The officer in question was Daniel Hubbard. However, many of King’s online acolytes tracked down Jarrod K. Hubbard — who obviously had the same surname — and began issuing death threats toward him.

Now, keep in mind that any responsible individual could have waited for confirmation as to who the officer really was instead of just issuing a surname. An investigation of rape by a police officer in the line of official duty — especially one publicized with great incessancy by King — could have easily identified the subject officer with great rapidity. Instead, they chose to just put “Officer Hubbard” out there, likely with the full knowledge that people would track down any Officer Hubbard.

On Monday, Jarrod K. Hubbard’s attorneys sent King a letter demanding he “minimize the harm that has been and is being caused” by “disclosing that my client is not and has been erroneously identified as the Officer Daniel Hubbard involved in the event.”

“The identification error has defamed and is defaming my client and his family resulting in substantial harassment and threats necessitating his discontinuation of his Facebook page and need and request for protection for himself and his family from appropriate law enforcement agencies,” the letter read, according to Fox News.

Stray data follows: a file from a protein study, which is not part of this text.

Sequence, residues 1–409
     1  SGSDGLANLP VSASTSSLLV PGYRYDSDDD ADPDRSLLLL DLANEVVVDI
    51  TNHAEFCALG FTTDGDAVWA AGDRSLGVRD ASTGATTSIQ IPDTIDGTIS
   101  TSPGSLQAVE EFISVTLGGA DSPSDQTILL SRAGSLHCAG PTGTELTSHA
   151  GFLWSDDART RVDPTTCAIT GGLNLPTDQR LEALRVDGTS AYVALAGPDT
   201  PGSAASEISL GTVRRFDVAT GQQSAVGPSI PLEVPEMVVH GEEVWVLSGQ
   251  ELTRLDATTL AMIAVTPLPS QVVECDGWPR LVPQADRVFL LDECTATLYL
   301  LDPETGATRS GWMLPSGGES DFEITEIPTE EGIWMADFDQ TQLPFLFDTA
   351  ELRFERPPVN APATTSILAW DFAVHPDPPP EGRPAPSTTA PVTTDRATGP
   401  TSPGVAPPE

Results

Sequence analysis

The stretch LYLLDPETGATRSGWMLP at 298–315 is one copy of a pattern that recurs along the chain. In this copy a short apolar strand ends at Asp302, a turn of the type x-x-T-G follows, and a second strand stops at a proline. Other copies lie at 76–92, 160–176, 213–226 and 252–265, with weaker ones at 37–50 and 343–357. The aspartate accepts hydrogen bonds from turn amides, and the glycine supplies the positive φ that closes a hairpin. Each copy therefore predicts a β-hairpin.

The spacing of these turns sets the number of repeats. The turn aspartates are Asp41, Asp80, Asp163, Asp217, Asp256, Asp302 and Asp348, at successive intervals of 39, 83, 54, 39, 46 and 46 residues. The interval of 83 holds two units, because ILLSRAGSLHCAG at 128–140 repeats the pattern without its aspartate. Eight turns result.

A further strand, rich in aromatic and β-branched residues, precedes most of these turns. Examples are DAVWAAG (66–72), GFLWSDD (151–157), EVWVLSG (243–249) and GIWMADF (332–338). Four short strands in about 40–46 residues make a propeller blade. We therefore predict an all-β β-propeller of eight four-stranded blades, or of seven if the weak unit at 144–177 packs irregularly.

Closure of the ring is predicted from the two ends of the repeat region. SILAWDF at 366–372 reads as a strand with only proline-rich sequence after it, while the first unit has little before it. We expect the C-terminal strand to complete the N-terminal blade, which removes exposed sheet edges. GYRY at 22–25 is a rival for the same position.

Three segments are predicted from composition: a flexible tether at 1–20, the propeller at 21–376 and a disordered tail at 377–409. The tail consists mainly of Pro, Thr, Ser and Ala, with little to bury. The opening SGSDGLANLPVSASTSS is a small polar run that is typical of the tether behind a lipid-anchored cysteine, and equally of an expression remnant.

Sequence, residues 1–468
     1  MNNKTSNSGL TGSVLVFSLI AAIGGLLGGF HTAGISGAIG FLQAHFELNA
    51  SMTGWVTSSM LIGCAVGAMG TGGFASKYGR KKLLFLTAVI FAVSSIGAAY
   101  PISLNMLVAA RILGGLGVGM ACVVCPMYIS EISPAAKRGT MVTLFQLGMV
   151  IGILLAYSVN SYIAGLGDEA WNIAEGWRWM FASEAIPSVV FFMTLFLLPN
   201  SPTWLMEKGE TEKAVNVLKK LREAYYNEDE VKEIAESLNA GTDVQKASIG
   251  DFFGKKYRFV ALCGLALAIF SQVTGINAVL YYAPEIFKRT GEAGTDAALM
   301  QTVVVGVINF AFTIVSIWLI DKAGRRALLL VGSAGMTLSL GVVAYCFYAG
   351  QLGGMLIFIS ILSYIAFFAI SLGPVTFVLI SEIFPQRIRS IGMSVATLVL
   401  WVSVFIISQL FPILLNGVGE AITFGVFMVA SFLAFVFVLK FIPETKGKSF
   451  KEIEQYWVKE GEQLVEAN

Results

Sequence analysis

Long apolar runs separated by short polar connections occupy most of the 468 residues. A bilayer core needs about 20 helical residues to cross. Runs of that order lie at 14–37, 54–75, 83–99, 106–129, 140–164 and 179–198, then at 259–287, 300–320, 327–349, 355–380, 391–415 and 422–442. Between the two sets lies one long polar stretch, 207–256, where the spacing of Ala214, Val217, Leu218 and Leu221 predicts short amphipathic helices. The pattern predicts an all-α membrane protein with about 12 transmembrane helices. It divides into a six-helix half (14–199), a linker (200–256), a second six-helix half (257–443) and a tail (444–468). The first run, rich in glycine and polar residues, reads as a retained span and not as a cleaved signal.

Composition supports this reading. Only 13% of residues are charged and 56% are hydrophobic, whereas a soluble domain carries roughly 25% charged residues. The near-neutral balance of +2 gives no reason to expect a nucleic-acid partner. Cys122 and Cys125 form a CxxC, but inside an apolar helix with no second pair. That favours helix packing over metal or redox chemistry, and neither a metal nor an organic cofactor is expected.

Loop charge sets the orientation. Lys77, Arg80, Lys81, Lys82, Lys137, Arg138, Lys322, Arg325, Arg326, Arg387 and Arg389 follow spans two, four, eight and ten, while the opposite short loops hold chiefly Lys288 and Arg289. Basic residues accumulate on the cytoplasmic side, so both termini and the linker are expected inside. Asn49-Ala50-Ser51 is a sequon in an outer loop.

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King replied to Jarrod K. Hubbard’s attorney by saying he was “absolutely aware that it is not him” and that “I have never misidentified a person in all my years as a journalist.”

Well, King may have had an incipient lawsuit on his hands, but at least now he had the right officer Hubbard: Daniel Hubbard, the woman who pulled over Ms. Dixon-Cole. Only he had another problem: Daniel Hubbard hadn’t raped her, either.

“On May 20, 2018, at approximately 1:32 a.m., a Texas Highway Patrol Trooper observed a 2013 Chevrolet Malibu traveling south on Interstate 35 in Ellis County near U.S. 287,” a Tuesday statement from the Texas Department of Public Safety read.

“The vehicle was stopped for a traffic violation. Based on the traffic stop, the driver was arrested for driving while intoxicated (DWI). The driver, identified as Sherita Dixon-Cole, 37, from Grapevine, was arrested and transported to the Ellis County Jail, where she was charged with DWI.

“Following the arrest, spurious and false accusations related to this traffic stop were made against the Texas Trooper. Upon learning of those allegations, the Texas Department of Public Safety immediately took action to review the video in connection with this traffic stop and arrest. The video shows absolutely no evidence to support the egregious and unsubstantiated accusations against the Trooper during the DWI arrest of the suspect. The Department is appalled that anyone would make such a despicable, slanderous and false accusation against a peace officer who willingly risks his life every day to protect and serve the public.”

And they released the bodycam footage, too — which, to his minimal credit, King was willing to retweet.